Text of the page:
Understanding A Diagnosis: This is a great guide for how to understanding what cancer is and how it affects the body. It explains staging and movement and it also gives you insight into what tests are used to evaluate treatment options.

Expert Information: On practically every type of cancer can be found here.


Senior woman with little boy at the lake.

Family Caregiving: Tons of information including how to get paid as a caregiver, how to cope, creating a caregiving plan and ways to manage all of this.

Memberships Benefits: They have a lot of additional benefits for members and tons of information about Medicare.


Financial Considerations– This talks about ways to manage your money to help you prepare for a long-term diagnosis.

Coping with Cancer– These resources help you through ways to talk with the people you love, manage emotions and the effects of cancer.

Understanding Cancer– The basics of what cancer is, how it spreads and understanding diagnosis and medical terms that might come up during conversations with your doctor.

Stand Up to Cancer

For Patients and Caregivers– Has great info for every aspect of the cancer journey. From prevention, understanding a diagnosis, resources to help, treatment and caregiving.

Government Resources

USA Federal Government  

Managing Cancer Financial Toxicity: Additional resources for financial difficulties and paying for Cancer treatment.  

Family Medical Leave Act (FMLA)– Benefits that allow you job protection. Patients or caregivers can take medical related time off from their jobs. 

Your State Government Website– (New York for example, provides eligible Firemen with a cancer benefit. And also gives people without insurance access to cancer screenings.)

The local Government Website– A local women’s league who placed flyers at our local bank, has helped my father in law pay for hundreds of dollars in medical expenses. Trust me, everything helps. 

You may have to do some digging, but these resources will hopefully help you get started…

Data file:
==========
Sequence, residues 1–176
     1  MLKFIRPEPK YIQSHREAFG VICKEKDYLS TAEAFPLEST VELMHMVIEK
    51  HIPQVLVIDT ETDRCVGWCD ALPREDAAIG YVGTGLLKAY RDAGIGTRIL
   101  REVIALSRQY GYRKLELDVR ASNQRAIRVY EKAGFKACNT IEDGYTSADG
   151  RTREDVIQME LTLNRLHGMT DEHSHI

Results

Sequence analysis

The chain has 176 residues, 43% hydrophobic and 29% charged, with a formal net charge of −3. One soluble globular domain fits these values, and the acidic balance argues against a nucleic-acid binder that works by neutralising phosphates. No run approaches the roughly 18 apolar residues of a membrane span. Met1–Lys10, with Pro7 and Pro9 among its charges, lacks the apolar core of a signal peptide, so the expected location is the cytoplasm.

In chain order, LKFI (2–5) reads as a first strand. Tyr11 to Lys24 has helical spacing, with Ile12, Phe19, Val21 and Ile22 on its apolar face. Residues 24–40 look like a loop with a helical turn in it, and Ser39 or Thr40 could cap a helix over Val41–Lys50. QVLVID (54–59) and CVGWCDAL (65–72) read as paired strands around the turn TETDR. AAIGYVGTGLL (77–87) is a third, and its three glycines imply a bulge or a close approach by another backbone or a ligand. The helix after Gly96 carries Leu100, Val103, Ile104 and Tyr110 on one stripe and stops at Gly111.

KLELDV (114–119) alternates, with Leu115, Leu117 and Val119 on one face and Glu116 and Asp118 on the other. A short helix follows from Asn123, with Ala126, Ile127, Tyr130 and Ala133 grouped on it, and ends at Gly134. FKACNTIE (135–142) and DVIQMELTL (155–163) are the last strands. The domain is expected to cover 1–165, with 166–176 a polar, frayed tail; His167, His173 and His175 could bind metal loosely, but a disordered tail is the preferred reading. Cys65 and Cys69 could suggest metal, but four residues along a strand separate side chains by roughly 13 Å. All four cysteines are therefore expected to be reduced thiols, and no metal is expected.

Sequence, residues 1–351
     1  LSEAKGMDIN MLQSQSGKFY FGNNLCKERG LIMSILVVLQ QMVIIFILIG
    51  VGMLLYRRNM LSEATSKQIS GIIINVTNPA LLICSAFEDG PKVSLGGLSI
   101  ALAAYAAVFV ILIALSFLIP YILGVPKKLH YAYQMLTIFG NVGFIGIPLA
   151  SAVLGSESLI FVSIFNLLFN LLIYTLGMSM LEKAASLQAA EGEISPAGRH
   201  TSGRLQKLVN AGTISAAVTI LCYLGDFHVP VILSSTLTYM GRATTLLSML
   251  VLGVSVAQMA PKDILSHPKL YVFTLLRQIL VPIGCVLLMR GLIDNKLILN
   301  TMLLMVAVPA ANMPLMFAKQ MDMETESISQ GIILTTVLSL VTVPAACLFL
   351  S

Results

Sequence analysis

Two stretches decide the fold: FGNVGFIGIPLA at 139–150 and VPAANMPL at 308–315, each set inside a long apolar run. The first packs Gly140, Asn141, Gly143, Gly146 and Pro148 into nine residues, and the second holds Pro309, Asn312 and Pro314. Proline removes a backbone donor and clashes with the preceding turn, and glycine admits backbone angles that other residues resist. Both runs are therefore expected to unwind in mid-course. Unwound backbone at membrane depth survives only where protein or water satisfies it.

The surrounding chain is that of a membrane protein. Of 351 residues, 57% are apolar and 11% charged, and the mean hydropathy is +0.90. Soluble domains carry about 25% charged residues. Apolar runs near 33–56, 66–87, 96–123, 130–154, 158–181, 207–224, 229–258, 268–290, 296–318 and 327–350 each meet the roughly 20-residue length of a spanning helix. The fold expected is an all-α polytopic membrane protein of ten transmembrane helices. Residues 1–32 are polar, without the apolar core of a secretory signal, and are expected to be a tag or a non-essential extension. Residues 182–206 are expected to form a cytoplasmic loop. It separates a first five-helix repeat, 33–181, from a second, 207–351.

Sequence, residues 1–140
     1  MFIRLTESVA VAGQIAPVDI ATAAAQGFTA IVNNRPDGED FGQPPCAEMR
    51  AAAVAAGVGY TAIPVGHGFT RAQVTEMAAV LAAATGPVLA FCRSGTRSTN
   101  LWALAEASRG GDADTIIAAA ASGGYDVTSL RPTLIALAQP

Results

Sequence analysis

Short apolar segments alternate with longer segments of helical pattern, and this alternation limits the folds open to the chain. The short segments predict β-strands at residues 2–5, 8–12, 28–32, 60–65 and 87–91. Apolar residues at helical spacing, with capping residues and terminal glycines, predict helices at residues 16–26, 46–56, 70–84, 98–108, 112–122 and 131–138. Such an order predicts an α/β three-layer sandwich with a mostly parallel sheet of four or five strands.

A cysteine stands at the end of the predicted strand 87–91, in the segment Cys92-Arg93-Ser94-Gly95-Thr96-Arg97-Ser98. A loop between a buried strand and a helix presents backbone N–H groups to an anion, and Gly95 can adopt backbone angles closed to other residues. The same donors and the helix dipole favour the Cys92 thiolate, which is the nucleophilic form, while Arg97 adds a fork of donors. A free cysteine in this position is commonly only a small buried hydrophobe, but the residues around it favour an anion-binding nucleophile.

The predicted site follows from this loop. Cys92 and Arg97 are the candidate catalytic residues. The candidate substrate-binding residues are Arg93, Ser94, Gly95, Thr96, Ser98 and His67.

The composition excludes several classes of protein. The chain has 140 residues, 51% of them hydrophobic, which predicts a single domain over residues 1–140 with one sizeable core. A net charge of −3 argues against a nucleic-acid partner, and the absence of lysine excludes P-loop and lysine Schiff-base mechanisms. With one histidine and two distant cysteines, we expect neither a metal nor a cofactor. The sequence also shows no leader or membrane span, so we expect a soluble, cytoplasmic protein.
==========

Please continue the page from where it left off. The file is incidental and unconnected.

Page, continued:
If you live outside of the United States, we recommend reaching out to your doctor and asking for cancer resources for families that can help. Then I would check your federal, state and local governments (or how ever the government system works in your country) for additional resources.

The Cancer Bomb

The Cancer Binder Pack:  A step by step printable pack that helps you organize important medical information. An easy system so you can always find what you need when you need it.

Take Back Your Life From Cancer–   You know, the kind of tired that no matter how much you sleep, it doesn’t get any better.  This journal was designed to help you dump some of that stress.

The Cancer Combat Plan  A manual that walks you step-by-step through what to do and how to deal. When someone you love is diagnosed with cancer this will help.

8 Steps To Enduring The Heartbreaking Conversations:  How to get through those conversations that completely destroy you.  Read this before your next appointment.   

The Power of A Bucket List:  You beat cancer by how you live.  This is how my family decided that no matter what the outcome was, we were going to win this fight.  

Coping Strategies for Dealing Family Dynamics:  Family dynamics you may not expect and how to deal with them. 

How to Deal With Bad News at the Doctor’s Office  When the news doesn’t go as expected, these tips will help you through.  

Tools To Help Manage Diarrhea During Cancer– The ultimate tool guide for dealing with this pretty common side effect of cancer and cancer treatment.

Overcoming the Fear- The fear associated with this disease is paralyzing.  Here are some real ways to get through it.

Waiting:  One of the most stressful parts of cancer, and how to get through it.

Surviving the New Normal:  How to adjust to the “new normal” that comes with a cancer diagnosis.

117 Ways to Take a Break from Cancer A giant list of things to do when you need a break from this disease.  

Finding resources to actually help you through this journey can feel impossible. Especially when the whole world is falling down around you.  We’ve found the best cancer resources for families. And we’ve put them together for you so you can save your energy for the important stuff.

Did we miss any? Leave a comment and let us know!

P.S.  If you have no idea how to deal with a cancer diagnosis, we can help you formulate a plan. So you can SIMPLIFY the complex “stuff” that comes with this disease… 

Finding the best care, talking with your insurance company, finding resources that will actually help, and dealing with the fear, anxiety and overwhelm of this whole situation.

We can’t control the cancer, but we CAN show you how to manage this crisis. And it’s 100% Free.

You can get the Cancer Combat Plan FREE here…